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Nurse leaders must drive integration, says senior nurse

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'Doctor-centric' approach is not working 'Doctor-centric' approach is not working

Nurse leaders must seize opportunities to develop an integrated approach to the general practice workforce, a leading primary care nursing figure has said.
Marina Lupari, professional lead for primary care and community nursing at the RCN, told Independent Nurse: 'The time has never been better for nurse leaders to drive forward development of an integrated general practice workforce, using the evidence base and existing good practice to try and test it in England.'
Her comments were made in response to the document Building the Workforce – the New Deal for General Practice, jointly published by the BMA, the RCGP, NHS England and HEE. The document referred to ensuring a skilled and motivated general practice workforce for the future. It focused on how more GPs might be recruited and retained in general practice, how the workload of GPs can be eased, and career paths improved. Primary care nurses were mentioned once.
Ms Lupari said: 'The continued doctor-centric approach to general practice is not working and an opportunity could be missed by nurses to change how general practice works for the better.' She added that continuing to focus on doctors and nurses as separate workforces perpetuated perceptions of general practice as the doctor's domain. She cited this as a barrier to adopting integrated models of general practice, using the skills of various health professionals.
'We know over a third of the general practice workload is attributable to practice nurses. In the current model the GPs time is consumed with inappropriate tasks. If a skill-mix model was adopted, in which tasks were spread between doctors and nurses best suited to perform them, it would free up doctors' time so that they could do what they are qualified to do.'
She pointed to NHS England's Five Year Forward View, which set out the need for practice nurses to work in partnership in integrated care models, and the Transforming Nursing for Community and Primary Care (TNCPC) strategy. This, she said, would ensure that nurses use their 'unique skills' to deliver person-centred, preventive integrated care.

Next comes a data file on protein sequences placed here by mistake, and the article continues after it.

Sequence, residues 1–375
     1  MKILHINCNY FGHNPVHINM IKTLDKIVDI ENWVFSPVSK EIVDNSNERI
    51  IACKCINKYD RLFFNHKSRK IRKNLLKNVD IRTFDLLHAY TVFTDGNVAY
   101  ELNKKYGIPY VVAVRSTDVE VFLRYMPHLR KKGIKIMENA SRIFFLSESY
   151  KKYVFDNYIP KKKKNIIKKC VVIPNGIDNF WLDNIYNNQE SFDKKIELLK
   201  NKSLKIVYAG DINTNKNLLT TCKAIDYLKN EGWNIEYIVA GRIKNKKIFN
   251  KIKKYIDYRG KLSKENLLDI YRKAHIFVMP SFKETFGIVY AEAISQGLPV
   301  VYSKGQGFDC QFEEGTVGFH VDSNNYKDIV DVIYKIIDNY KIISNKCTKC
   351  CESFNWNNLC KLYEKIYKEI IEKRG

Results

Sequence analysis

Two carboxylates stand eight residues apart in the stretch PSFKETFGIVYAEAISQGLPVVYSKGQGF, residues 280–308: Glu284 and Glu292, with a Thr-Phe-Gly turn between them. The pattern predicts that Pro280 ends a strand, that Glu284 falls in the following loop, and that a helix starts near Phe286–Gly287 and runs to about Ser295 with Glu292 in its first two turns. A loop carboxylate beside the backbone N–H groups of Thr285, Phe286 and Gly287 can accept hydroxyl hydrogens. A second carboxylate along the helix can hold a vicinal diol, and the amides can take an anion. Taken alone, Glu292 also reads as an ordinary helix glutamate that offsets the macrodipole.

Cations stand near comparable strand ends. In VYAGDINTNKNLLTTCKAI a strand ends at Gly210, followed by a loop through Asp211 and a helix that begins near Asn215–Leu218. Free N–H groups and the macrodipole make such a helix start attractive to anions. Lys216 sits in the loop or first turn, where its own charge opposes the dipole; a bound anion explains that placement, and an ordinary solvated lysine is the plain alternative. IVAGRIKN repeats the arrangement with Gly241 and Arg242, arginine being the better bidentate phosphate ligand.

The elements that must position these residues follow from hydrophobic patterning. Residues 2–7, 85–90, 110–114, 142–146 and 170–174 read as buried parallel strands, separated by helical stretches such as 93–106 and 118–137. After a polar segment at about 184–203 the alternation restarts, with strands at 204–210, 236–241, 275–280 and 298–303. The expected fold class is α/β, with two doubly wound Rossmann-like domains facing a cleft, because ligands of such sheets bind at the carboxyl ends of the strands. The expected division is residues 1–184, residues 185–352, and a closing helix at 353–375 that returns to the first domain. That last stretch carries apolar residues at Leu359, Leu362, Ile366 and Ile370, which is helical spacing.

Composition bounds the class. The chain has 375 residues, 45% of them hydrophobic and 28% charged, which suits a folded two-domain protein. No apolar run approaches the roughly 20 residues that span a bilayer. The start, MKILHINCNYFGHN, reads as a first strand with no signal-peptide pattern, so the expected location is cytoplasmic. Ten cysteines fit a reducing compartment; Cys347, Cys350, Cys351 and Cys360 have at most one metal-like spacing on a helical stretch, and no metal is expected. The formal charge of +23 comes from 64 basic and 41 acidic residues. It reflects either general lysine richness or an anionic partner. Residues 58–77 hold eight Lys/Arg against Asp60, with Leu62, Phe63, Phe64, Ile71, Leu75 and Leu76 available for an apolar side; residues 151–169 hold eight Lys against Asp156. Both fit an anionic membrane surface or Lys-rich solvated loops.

Ms Lupari acknowledged that significant work was being done by HEE to support the delivery of community and primary care nursing services to meet current and future health needs. 'Other work is ongoing to set out clear education and career pathways for district and practice nurses, by creating a framework in England including education; commissioning service specifications; a career framework supported by educational standards; and the CPD requirements of the current workforce.'
'Nurses have an opportunity to change how general practice works in the future. Within the TNCPC we have chief nursing officer Jane Cummings leading on the development of models of commissioning to deliver integrated care and support for patients, their families and caregivers. This is a fabulous opportunity for nurses to define their commissioning needs, and optimise their role in a new integrated primary care system.'

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Until paractice managers realise they do not make clinical decisions affecting nurses this will never happen. The managers can attend meetings in work time but nurses cannot. Practice nurses ,collectively, are a very powerful force. Nowhere else in the NHS do non clinical staff dictate what nurses can do. Leaders are not allowed to lead and nurse managers are few and far between even though many have trained as managers. Practice managers change appointment times without the nurse consent etc. nurses are just being used in general practice as 'work horses' to achieve QOF points
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